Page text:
Thursday, April 22, 2021

Stunning number of Americans don't hold a biblical worldview - By Art Moore - Best described as irreconcilable collection of beliefs and behaviors

We've been shocked at how few Christian schools, as well as religious congregations, directly address worldview issues.


A new study by longtime evangelical Christian researcher George Barna finds that 94% of Americans do not hold a biblical worldview.

The study found that the most common worldview among Americans (88%) might best be termed syncretism, said Barna, describing it as a "disparate, irreconcilable collection of beliefs and behaviors that define people's lives."

Barna's American Worldview Inventory was conducted by the Cultural Research Center at Arizona Christian University, which Barna directs.

The 2021 edition is the first of its kind to measure seven prominent worldviews: biblical theism, secular humanism, postmodernism, moralistic therapeutic deism, nihilism, Eastern Mysticism and Marxism, along with its offshoot, critical race theory.

But Barna found that no single worldview was embraced by a significant percentage of Americans.

"Syncretism is a cut-and-paste approach to making sense of life," he explained. "Rather than developing an internally consistent and philosophically coherent perspective, Americans embrace points of view or actions that feel comfortable or most convenient. Those beliefs and behaviors are often inconsistent, or even contradictory, but few Americans seemed troubled by that."

The survey found that only 2% of the public embrace secular humanism while 1% of adults embody each of postmodernism, moralistic therapeutic deism and nihilism.

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And while both Marxism and Eastern Mysticism, also known as "New Age," receive considerable media coverage, less than one-half of 1% subscribe to either worldview.

The survey was based on half-hour-long personal interviews with a nationally representative sample of 2,000 adults.

Barna said that a substantial proportion of adults possess a moderately high number of beliefs or behaviors that meet various worldview specifications, but not quite enough to qualify as being a true adherent of that worldview.

Based on that criteria, moral therapeutic deism is the most common, with 39% possessing a moderately high number of those beliefs or behaviors. Biblical worldview is second at 31%:

  • Moralistic therapeutic deism (39%): Spiritual skeptics, LGBTQ adults, those not registered to vote, political liberals and individuals who attend a predominantly black or Catholic church are the most common adherents of this worldview.
  • Biblical worldview (31%): SAGE Cons (Socially Active Governance Engaged Conservative Christians), theological evangelicals, born again Christians, political conservatives and registered Republicans are the most likely to possess a biblical theism perspective.
  • Secular humanism (16%): Spiritual skeptics, residents of the West, people 75 or older and political liberals dominate those who support this life perspective.
  • Postmodernism (16%): Spiritual skeptics, residents of the northeastern and western states, people with a Bachelor’s degree, and political liberals are the most common adopters of postmodern beliefs and behaviors.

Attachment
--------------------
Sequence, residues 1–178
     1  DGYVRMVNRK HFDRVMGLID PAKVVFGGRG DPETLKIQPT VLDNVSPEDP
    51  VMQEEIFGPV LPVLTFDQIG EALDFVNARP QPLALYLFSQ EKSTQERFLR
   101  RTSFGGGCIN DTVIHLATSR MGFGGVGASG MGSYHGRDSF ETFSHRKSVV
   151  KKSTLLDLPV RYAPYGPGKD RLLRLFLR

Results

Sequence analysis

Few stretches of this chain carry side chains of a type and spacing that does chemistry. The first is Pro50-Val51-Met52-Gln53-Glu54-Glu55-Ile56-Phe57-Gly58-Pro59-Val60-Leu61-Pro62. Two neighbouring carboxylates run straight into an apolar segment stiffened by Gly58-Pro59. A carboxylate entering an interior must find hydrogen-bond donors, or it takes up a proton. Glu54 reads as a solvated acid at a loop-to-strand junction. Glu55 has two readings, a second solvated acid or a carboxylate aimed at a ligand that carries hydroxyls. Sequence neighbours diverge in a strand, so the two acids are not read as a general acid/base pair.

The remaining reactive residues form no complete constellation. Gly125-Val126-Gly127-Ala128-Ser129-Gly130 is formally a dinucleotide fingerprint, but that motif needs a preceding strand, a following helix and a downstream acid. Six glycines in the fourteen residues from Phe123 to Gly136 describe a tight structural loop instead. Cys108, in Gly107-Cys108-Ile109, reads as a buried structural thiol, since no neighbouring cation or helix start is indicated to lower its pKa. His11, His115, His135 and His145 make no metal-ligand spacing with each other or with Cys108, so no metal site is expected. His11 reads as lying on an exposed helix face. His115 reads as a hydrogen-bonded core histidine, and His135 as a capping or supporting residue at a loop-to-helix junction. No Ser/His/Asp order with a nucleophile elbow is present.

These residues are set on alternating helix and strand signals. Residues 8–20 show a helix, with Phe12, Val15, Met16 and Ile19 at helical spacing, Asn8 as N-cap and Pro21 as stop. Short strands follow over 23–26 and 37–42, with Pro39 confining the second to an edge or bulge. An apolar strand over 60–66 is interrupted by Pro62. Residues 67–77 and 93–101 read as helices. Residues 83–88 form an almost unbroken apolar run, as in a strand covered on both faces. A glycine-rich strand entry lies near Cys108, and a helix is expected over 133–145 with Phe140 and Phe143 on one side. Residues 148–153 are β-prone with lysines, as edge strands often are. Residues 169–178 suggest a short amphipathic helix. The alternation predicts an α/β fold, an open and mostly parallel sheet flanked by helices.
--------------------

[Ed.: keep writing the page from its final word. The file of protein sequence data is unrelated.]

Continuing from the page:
Barna, in his more than 25 years of studying the subject, has found that worldview in America "develops by default."

"Very few schools' curriculum focuses directly on a person’s worldview," he said. "Most adults don't even know what a worldview is, much less what the worldview alternatives are, how they differ and which one they possess. We've been shocked at how few Christian schools, as well as religious congregations, directly address worldview issues."

He said people generally "adopt worldview beliefs and behaviors that they encounter in arts and entertainment vehicles, news reports, political statements made by public leaders and through conversations and experiences with people they trust."

"Worldview is caught more than it is taught in the U.S.," he said.

A school like the one that employs him, Arizona Christian University, "where every class is intentionally and strategically taught through a biblical worldview lens, is a real aberration."

"It takes years of holistic teaching, integration of thought and behavior, and reinforcement of appropriate choices before someone is likely to develop a biblical worldview," he said.

Barna said that recent concerns about the development of a worldview by youth have been driven by the heightened ideological battles dividing the nation.

The concern is a hopeful sign, he said, while cautioning that it will be an uphill battle.

"Our studies show that Americans are neither deep nor sophisticated thinkers," he said. "We've become selfish and emotion-driven, leaving logic behind."

Promoting "a way of life that pushes us to think more clearly, consistently, and purposefully will take time and considerable effort, and will be uncomfortable."

"Most people seem more interested in living a life of comfort and convenience," he noted. "The progress will be slow, but people who are willing to fight for a more reasonable way of thinking and acting can make a difference."

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Art Moore, co-author of the best-selling book "See Something, Say Nothing," entered the media world as a PR assistant for the Seattle Mariners and a correspondent covering pro and college sports for Associated Press Radio. He reported for a Chicago-area daily newspaper and was senior news writer for Christianity Today magazine and an editor for Worldwide Newsroom before joining WND shortly after 9/11. He earned a master's degree in communications from Wheaton College.